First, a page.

How to Grow
You can start seedlings indoors 8 to 12 weeks before planting time (which comes after the last frost in May), buy starts or tubers from a local nursery or mail-order source, or even try planting seeds in the fall.
How to Plant
Plant seeds 1/4-inch apart and 1/4-inch deep, in slightly acidic soil with pH of 6 to 7. Be aware that the plants are very tall, reaching a height of four feet, and are also very wide (up to 6 feet) so plan accordingly. Make sure not to overshadow spaces where you had planned to grow smaller sun-loving plants, and don’t sacrifice precious space if your gardening room is limited. Along a back fence where a large plant would fill a need in your landscape would work well.
Seeds will rot if the soil is not well drained, and they'll dry up if not consistently watered, so amend the soil well with sand and humus, and plan your irrigation carefully. They need water to produce tasty, tender fruit, but also should dry out between waterings, which should occur at least three times a week during the heat of summer. The ideal spot for an artichoke will provide warm morning sun and shade by 2 in the afternoon. Artichokes don’t really like temperatures much warmer than 80 degrees (or below 50 degrees).
If you decide on seedlings, be sure to give them transition time to “harden off,” whether you started them yourself or bought them from a commercial nursery. Step by step, move your young plants from their safe greenhouse or indoor habitat:
- From room-temp shade to outdoor shade
- From outdoor shade to partial sun
- Partial sun to full sun
- Full sun to staying out all night and day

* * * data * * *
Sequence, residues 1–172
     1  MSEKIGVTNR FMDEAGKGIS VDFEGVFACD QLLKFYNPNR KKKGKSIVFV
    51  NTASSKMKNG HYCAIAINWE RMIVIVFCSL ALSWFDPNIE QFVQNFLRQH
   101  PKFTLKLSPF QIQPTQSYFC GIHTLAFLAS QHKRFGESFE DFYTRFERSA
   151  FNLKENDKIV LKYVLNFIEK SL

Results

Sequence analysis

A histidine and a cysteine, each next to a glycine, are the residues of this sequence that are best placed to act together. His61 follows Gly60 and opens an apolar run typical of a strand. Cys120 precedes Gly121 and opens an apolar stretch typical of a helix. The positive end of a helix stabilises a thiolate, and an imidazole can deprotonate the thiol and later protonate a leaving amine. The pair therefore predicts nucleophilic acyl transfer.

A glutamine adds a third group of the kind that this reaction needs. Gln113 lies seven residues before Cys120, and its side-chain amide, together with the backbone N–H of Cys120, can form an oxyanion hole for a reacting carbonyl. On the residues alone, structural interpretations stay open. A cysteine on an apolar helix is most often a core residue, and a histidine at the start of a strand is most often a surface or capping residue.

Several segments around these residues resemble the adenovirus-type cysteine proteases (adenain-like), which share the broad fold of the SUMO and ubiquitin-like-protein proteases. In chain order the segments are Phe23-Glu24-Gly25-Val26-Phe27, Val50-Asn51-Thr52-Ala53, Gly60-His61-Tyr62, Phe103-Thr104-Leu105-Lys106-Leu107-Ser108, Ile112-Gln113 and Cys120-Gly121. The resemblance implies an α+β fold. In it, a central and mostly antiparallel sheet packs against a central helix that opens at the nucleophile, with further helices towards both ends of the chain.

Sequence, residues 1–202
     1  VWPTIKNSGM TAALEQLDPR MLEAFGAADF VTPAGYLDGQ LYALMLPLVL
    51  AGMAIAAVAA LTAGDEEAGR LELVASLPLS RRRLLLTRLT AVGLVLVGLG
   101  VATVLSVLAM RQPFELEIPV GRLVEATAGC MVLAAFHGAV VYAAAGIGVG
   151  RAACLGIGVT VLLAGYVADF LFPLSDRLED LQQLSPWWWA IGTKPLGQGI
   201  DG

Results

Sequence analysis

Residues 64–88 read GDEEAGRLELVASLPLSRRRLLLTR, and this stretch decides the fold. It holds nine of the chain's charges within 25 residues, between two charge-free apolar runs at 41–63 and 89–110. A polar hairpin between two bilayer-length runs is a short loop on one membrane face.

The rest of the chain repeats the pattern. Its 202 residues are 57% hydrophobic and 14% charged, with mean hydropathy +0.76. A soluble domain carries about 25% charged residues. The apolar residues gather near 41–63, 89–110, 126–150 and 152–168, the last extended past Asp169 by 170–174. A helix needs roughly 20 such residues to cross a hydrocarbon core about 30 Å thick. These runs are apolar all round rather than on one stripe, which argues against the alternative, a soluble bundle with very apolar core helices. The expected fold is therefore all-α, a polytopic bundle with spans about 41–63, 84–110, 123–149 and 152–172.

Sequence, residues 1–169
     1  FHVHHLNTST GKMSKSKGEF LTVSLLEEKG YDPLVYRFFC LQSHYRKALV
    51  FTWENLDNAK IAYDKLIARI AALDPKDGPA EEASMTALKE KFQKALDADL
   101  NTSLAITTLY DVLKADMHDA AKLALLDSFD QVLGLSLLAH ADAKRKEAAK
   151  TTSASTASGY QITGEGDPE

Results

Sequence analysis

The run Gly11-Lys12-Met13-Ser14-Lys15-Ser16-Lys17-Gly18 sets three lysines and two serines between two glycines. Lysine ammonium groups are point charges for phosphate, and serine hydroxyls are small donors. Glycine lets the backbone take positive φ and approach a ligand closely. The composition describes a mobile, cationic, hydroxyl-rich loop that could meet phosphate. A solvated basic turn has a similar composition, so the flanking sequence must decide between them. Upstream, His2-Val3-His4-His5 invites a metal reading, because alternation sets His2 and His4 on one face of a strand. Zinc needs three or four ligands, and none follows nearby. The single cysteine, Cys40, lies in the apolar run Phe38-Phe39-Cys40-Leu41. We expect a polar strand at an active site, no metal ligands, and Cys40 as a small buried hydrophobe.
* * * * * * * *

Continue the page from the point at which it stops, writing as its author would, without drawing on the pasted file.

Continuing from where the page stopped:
Anyway, while it can’t handle direct hot sun, it just may be another perfect Rogue Valley plant to add variety to our vegetable repertoires. It can be cut back, mulched, and left in ground to overwinter. In that way, their habit is pretty similar to dahlias. They prosper best in rich, well-drained soil.
As stated above, add sand and humus; fertilize with fish emulsion fertilizer, blood meal, or 5-10-10 granules. These plants thrive in warm coastal climates, so experimenting with misting irrigation, especially in the hottest weather, may be successful. Grow them fast and harvest early while the buds are still green and tight, before flowering.
Once plants are mature, the tubers can be dug up and split; replant the tuber cuttings 6 inches deep.
If the buds or "globes" are not harvested, 6-inch bluish thistle-like flower heads develop. This is not a problem, but an additional bonus at the end of summer once you’ve had your fill the produce of this high-yield plant.
If you have any special tips for growing artichokes or great recipes that utilize them we'd love to hear about them below!
And if you can't stand to read our writing, you might prefer this video on growing artichokes.